OldMan wrote:Yes and no. While the cost to repair the roads is more, verses a longer life cycle, it serves a secondary purpose. It employs local labor. (most states require local labor) And while I truly think it winds up costing the tax payer more in the long run, I also believe that the jobs it creates probably brings it closer to a break even point.
I would much rather my tax dollars go to paying a repair crew, that now has the ability to care for their families, than those same tax dollars being used on welfare. The pride one gets from holding down a job, the social problems that are prevented by those jobs, (ie. crime) tends to make me a little less likely to complain about the road crews.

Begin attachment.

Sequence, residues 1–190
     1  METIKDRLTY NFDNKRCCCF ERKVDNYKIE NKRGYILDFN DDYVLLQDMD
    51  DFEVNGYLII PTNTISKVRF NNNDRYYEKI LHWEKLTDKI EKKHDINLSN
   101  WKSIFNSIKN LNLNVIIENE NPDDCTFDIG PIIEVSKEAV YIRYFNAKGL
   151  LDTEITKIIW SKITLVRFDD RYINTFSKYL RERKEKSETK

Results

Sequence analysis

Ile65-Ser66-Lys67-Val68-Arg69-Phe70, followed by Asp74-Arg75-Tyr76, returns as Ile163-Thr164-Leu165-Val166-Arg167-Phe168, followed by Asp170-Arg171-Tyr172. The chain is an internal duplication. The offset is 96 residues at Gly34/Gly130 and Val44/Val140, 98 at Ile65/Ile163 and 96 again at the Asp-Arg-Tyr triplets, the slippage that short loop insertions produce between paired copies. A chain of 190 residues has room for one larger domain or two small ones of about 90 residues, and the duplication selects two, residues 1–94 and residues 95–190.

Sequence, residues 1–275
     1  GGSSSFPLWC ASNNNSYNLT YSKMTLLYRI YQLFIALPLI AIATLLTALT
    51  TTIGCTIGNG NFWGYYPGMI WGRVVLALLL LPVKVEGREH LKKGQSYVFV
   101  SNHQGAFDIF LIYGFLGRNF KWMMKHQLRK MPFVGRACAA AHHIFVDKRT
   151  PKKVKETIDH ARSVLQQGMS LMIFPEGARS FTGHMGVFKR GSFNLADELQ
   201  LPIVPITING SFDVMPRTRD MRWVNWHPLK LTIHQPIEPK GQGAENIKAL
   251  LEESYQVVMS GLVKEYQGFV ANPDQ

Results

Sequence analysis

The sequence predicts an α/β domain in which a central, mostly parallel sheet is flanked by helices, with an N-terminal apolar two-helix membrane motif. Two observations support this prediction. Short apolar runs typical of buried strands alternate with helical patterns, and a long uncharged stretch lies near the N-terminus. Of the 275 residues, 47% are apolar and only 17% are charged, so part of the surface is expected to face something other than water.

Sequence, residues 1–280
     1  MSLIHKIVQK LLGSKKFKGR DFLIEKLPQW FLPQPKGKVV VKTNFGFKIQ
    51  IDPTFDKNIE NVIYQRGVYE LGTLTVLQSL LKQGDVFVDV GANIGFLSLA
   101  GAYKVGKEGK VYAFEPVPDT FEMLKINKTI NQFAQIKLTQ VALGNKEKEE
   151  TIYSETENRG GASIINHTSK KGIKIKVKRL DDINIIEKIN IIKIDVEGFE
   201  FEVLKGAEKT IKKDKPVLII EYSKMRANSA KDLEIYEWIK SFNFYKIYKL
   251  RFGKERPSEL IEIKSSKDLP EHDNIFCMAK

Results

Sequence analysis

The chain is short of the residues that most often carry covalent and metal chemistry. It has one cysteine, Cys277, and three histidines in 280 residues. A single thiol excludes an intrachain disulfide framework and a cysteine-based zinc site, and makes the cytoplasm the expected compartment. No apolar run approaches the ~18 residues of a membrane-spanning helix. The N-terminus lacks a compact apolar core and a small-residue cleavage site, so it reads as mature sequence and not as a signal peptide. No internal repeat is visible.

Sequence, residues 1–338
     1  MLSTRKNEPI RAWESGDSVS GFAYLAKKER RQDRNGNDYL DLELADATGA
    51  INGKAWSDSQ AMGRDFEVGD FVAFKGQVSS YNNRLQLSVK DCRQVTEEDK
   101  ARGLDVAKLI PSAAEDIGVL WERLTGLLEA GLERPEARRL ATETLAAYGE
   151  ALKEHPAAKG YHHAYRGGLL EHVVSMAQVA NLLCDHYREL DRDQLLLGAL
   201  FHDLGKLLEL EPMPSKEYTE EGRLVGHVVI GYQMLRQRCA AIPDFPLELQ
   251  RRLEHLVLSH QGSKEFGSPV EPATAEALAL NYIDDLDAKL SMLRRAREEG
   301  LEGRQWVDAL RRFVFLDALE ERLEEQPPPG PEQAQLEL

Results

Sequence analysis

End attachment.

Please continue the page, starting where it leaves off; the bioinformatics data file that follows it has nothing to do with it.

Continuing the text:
This is of course only my opinion, but it's how I chose to look at it.
I'd rather have functional, efficient transportation, welfare, and temporary unemployment than endless expensive repairs and horrible traffic. Roads are much more useful as things people can eventually drive on, rather than purely cosmetic construction projects.
Edit: Again, that comment may sound crazy to some, but people who have driven there understand. When, at any time, a major portion of a city's roads are under repair, it really is a big inconvenience when the traffic all gets rerouted. The economic burden of a bad transportation system is a big problem for anyone who isn't in the business of repairing roads.